Invited Lecture – Carbon Dioxide Injection into Deep Aquifers: a Geomechanical Perspective

26 Jun 2023
09:40 - 10:15

Invited Lecture – Carbon Dioxide Injection into Deep Aquifers: a Geomechanical Perspective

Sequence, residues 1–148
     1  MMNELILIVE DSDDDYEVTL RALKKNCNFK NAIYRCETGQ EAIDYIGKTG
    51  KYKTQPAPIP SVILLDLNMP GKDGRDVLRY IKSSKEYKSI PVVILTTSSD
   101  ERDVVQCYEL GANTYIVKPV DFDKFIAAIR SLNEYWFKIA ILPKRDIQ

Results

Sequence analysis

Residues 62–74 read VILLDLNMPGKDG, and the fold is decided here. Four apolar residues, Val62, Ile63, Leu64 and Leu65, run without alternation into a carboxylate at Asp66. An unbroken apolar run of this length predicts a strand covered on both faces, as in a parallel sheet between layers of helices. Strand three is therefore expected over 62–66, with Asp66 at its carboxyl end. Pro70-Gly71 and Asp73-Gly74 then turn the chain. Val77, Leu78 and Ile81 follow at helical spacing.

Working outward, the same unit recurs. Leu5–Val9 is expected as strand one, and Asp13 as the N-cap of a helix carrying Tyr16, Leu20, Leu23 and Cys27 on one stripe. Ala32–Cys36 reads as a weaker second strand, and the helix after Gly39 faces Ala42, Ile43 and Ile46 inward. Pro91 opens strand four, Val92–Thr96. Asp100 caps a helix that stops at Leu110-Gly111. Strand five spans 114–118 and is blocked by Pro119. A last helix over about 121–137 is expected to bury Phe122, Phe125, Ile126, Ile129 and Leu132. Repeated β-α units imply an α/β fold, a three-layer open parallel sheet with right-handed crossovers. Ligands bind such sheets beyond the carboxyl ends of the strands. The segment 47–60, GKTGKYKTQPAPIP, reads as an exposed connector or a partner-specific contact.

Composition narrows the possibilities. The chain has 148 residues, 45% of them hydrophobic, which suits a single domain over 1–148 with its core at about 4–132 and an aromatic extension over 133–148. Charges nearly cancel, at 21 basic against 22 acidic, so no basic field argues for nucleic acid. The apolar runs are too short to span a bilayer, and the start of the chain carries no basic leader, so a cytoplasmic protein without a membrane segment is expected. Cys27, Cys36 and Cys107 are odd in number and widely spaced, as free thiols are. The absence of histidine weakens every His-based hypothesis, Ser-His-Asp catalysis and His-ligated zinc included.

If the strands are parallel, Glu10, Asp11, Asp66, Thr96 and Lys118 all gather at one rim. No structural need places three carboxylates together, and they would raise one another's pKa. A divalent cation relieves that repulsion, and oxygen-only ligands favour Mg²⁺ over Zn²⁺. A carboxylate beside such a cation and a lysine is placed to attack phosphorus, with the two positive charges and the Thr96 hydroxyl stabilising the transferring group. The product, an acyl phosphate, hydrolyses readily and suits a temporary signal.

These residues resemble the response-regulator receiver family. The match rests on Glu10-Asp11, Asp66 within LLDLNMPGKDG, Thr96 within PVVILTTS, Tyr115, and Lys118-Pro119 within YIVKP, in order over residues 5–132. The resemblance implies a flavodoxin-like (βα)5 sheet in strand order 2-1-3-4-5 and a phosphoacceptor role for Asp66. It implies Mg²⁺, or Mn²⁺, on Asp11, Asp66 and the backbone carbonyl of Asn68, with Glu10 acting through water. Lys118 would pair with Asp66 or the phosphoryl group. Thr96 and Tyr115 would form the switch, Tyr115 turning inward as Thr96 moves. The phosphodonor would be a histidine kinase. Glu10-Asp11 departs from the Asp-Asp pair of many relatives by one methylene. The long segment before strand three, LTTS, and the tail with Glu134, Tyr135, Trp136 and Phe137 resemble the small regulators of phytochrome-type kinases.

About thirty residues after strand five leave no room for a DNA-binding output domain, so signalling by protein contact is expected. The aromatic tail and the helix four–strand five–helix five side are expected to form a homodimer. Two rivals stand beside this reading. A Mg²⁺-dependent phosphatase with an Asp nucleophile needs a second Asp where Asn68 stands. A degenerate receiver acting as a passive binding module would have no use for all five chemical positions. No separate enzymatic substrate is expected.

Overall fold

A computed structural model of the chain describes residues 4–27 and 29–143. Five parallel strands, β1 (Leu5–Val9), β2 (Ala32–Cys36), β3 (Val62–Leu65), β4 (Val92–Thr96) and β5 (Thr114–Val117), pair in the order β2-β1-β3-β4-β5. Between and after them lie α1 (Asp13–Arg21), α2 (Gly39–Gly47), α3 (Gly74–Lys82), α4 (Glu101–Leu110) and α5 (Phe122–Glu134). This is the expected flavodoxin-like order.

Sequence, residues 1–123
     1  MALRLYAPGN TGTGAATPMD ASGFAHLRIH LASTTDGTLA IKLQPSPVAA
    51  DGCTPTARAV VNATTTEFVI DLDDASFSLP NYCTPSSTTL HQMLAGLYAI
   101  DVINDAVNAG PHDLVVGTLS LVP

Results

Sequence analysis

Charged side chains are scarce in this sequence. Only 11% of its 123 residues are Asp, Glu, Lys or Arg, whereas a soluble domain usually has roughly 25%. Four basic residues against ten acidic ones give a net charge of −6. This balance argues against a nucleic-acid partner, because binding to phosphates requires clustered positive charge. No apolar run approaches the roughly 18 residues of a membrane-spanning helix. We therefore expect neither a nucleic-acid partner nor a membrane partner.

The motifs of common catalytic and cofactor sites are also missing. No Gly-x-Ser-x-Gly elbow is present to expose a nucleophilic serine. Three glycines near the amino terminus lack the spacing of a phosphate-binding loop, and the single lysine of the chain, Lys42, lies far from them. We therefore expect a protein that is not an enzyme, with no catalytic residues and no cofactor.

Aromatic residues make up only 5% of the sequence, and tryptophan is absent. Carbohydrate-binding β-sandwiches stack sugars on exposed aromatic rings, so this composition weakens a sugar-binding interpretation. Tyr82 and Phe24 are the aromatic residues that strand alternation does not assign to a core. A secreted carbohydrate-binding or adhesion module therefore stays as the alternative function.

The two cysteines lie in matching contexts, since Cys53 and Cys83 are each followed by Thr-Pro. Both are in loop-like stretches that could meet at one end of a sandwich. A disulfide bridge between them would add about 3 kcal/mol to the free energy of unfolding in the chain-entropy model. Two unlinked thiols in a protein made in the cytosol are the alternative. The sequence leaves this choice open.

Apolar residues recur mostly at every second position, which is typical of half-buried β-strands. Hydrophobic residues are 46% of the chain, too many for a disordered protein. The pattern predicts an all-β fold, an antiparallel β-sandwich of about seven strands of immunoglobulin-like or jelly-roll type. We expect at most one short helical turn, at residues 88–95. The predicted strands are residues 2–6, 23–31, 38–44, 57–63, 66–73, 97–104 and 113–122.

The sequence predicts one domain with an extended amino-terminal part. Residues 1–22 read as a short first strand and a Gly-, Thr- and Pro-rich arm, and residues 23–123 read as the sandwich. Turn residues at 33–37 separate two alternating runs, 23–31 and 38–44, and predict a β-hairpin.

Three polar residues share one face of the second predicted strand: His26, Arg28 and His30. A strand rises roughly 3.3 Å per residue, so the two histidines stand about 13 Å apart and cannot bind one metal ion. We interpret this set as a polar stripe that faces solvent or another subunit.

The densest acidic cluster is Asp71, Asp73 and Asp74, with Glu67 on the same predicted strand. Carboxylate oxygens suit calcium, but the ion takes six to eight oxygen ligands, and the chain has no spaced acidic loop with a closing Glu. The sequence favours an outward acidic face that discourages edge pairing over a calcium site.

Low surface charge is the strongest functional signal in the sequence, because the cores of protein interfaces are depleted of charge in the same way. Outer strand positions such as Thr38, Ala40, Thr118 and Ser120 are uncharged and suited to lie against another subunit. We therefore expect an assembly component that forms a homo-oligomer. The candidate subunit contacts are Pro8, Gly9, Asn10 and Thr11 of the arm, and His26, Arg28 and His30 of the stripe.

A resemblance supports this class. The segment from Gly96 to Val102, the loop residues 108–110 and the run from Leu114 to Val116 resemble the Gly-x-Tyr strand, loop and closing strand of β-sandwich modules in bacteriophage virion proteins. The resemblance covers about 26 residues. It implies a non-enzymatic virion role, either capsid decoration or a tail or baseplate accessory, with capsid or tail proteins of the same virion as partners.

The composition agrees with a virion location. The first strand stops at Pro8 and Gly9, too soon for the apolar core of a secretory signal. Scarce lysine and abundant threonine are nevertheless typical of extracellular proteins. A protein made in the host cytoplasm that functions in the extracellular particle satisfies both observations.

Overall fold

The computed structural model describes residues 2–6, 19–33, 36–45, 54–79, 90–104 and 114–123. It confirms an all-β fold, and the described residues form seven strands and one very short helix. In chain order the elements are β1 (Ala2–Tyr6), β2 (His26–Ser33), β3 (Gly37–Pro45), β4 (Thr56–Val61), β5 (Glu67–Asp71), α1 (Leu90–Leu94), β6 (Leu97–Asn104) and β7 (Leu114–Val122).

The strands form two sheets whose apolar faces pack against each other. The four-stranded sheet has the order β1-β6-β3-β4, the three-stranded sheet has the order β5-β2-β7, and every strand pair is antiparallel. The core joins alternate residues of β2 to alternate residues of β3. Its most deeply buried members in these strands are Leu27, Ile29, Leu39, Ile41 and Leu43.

CO2 storage in deep aquifers is considered a potential technology to reduce the greenhouse effects of CO2. Practically, a large-volume (>1 Mt/year) of CO2 could be injected into a system that consists of a highly porous host aquifer covered by a low-permeability sealing caprock. High-rate injection could result in the abrupt build-up of fluid pressures, deforming the aquifer and compromising the integrity of the caprock. The interaction between the fluid pressure and mechanical reaction of the host aquifer results in a complex coupled system. The understanding of these hydromechanical processes is crucial to secure the injection. We investigate numerically the hydromechanical effects induced by CO2 injection on aquifer stability and the related interactions with the caprock. The proposed simulation incorporates the physical properties of supercritical CO2 such as the density, viscosity and fugacity. A conceptual deep aquifer is modelled to investigate the state of the stress and strain during the injection of CO2. The responses during the simulation show that significant geomechanical variations occur during the early period of injection in which fluid pressures increase sharply. This overpressure decreases the effective stress, which induces a volumetric expansion around the injection well. Because of the increase in porosity and permeability through hydromechanical coupling, the fluid flows more easily. As the injection continues, the stress path moves away from the failure line, and the material returns to its elastic state. In this study, the safety of carbon dioxide injection is assessed primarily from a geomechanical point of view. The most significant physical processes and mechanical behaviours are highlighted within this study, which are suggested to be accounted for in future risk management of CO2 storage projects.